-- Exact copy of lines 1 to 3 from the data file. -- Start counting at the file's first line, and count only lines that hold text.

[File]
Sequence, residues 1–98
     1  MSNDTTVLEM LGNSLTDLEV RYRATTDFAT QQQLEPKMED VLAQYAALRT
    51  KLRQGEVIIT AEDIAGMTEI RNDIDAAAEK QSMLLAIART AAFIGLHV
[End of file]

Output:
Sequence, residues 1–98
     1  MSNDTTVLEM LGNSLTDLEV RYRATTDFAT QQQLEPKMED VLAQYAALRT
    51  KLRQGEVIIT AEDIAGMTEI RNDIDAAAEK QSMLLAIART AAFIGLHV